The mainstream media have been vocal in their condemnation of the so-called student riots. An alternative view is offered by Aberdeen student Gordon Maloney, an activist in the protests.
The last couple of months have been incredibly exciting for student activists. Four of the biggest student demonstrations in recent memory have taken place within a month of each other, and between these there has been continuing news of University occupations, demonstrations and stunts across the country.
In the beginning, these actions were more or less focused on the Coalition’s proposed increase of the cap on tuition fees and abolition of the Education Maintenance Allowance (EMA) in England and Wales The focus has since broadened significantly and action is bound to accelerate since the government’s success in raising the cap.
“What are you protecting? Your job’s next”, protesters chanted at lines of masked, baton-wielding police between horse charges and demonstrator scatterings on the day of the vote. These protesters – many of them school children – have come to understand more quickly than some other sectors of UK society, the extent to which the same reckless cuts to further and higher education will decimate jobs, services and communities across the country.
After the damage done at Millbank in the first demonstration, many in the student movement seemed concerned not with the damage done per se, but rather that it provided the government and the right wing media with the opportunity to de-legitimise the protest altogether and to dismiss what happened as the work of “socialists and anarchists” – not students – as if these terms were somehow exclusive. We were repeatedly told that images of masked students smashing windows, graffiti on police vans or students throwing bits of placards at police would be used against us. They were, but it hasn’t worked.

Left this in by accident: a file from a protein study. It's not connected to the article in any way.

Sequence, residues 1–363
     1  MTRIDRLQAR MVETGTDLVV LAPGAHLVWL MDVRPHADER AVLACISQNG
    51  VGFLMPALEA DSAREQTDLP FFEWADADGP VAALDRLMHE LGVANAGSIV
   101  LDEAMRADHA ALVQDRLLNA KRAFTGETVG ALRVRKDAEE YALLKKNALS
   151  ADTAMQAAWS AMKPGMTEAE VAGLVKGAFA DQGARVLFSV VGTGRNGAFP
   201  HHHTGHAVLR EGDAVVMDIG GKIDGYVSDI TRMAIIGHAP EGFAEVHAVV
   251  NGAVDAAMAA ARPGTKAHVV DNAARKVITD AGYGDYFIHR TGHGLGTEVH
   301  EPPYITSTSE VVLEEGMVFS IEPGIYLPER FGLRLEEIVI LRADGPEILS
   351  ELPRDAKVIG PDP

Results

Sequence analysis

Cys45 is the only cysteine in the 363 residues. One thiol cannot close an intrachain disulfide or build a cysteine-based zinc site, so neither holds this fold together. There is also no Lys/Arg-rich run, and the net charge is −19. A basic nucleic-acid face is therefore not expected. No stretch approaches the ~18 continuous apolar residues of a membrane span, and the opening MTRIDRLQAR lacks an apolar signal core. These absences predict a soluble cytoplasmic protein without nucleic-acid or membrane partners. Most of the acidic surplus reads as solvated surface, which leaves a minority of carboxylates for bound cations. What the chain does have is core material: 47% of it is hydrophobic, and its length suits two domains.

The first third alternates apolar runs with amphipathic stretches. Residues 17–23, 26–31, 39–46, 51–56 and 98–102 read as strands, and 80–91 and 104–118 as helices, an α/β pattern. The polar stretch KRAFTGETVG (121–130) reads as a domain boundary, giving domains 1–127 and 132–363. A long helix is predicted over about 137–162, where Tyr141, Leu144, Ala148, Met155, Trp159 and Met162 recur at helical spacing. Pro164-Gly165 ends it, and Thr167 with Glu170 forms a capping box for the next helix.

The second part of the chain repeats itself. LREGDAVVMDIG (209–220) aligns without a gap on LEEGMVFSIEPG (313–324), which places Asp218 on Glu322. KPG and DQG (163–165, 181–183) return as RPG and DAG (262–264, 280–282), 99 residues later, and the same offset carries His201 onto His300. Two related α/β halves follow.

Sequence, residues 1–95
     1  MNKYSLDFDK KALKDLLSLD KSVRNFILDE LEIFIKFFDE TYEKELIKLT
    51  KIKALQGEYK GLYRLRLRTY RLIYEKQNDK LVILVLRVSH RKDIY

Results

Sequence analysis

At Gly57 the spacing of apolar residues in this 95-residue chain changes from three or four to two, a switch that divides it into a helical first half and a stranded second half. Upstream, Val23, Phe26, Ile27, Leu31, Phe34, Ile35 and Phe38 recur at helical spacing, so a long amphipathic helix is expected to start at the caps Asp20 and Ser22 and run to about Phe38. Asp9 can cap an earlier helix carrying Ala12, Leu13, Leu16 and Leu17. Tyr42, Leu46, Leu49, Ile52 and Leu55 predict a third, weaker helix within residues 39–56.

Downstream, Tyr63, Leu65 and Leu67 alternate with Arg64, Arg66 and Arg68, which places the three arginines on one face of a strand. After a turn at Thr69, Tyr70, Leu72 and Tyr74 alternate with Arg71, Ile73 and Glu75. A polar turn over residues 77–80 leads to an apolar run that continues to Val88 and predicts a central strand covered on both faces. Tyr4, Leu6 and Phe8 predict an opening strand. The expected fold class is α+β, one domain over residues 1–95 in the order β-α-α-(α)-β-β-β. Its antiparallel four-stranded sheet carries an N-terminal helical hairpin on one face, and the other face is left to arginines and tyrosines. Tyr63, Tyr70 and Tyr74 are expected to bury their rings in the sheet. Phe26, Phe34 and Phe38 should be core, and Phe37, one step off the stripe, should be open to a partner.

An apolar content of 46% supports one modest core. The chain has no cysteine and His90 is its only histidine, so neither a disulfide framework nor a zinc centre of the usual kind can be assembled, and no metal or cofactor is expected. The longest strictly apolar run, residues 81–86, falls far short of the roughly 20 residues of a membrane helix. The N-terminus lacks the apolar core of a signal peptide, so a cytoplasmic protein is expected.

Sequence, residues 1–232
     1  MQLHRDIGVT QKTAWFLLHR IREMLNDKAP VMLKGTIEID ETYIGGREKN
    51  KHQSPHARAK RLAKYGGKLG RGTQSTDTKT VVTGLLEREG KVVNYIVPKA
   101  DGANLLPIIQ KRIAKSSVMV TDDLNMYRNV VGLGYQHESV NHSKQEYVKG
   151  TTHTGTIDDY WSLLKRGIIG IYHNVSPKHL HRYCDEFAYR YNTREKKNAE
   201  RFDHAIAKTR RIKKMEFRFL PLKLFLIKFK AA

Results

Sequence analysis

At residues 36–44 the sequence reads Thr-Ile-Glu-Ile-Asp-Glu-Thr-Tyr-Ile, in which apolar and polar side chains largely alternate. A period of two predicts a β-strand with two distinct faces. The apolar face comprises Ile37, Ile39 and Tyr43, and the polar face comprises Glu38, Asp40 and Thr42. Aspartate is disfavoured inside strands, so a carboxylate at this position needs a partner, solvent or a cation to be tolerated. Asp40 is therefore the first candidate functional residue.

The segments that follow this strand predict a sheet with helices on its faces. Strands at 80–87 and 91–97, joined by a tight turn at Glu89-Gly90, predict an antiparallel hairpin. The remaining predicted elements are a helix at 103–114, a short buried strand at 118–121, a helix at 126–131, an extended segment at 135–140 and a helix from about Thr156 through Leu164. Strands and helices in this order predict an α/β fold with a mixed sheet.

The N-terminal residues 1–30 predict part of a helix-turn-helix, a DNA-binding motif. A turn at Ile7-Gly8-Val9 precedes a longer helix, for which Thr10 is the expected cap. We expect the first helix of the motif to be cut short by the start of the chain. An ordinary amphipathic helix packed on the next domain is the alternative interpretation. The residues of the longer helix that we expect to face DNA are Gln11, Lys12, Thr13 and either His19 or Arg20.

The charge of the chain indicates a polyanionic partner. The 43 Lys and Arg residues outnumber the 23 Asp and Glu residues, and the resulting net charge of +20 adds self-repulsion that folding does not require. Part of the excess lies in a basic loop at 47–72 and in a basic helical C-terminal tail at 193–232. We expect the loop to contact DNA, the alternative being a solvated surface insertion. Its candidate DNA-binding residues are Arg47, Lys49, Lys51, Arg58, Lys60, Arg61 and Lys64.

When our marches were kettled and we were denied our right to protest, anger boiled over
This tactic, employed so successfully by the right after G20 in 2009, seems to have failed this time. At the time of writing, a Daily Mail poll asking, “Do you still support the students after these riots?”, showed that 76% of respondents do. Since September, I have spent countless hours campaigning and speaking to people on university and college campuses and around areas without large student populations. The only difference I have noticed in people’s attitudes after the protests is a much greater awareness of the issues. People have heard about the fee increase, the broken pledges and the scrapping of the EMA. They have, of course, also heard of smashed windows and burning placards, but they understand that this just showed the scale of anger of demonstrators.
The people I speak to understand that we have already gone through the democratic process. We have had the debates, and in terms of public opinion we have quite convincingly won. We even won the election. A party which pledged to abolish tuition fees altogether is in government. People demonstrating already felt betrayed not just by the Liberal Democrats, but by democracy. When our marches were kettled and we were denied our right to protest, anger boiled over. Criticism of this has been less widespread than might be imagined.
It seemed that the only outcome of the damage to property – I refuse to call it violence – was to ensure widespread coverage of the events.
It is easy to argue that it is understandable that people broke windows at Millbank. It is also reasonable to argue that, faced with cuts as potentially devastating as we are, it was proportionate. The question then becomes one of necessity. Would the 10 November demonstration have acted as such a catalyst for future demonstrations if it had remained, as NUS President Aaron Porter wished, a peaceful A to B march? Would it have changed anything at all? Realistically, probably not.
Despite the repeated mantra that protestors have gone on demonstrations intent on chaos, nobody at these protests wanted to be violent. This was made crystal clear to me when I saw a lone policeman trip up in the middle of a crowd of protesters who, just a minute before, had been pushing police lines and throwing sticks. Nobody touched him. Not because they were scared of repercussions, but because that wasn’t why they were there. People backed away from him, allowed him to get up and return to the line of police.
Damage to property shouldn’t be necessary for people to be heard, but in a society that seems to care more about paint being thrown on a car than the well-being of an innocent man who suffered a brain haemorrhage as a result of a police attack, it seemed to many demonstrators that there were few alternatives. Michael Gove told reporters, on 24 November, that the Government would, “respond to arguments….not to violence”. We have had, and won, the arguments. They didn’t listen, and they can expect more of the same if they continue not to listen.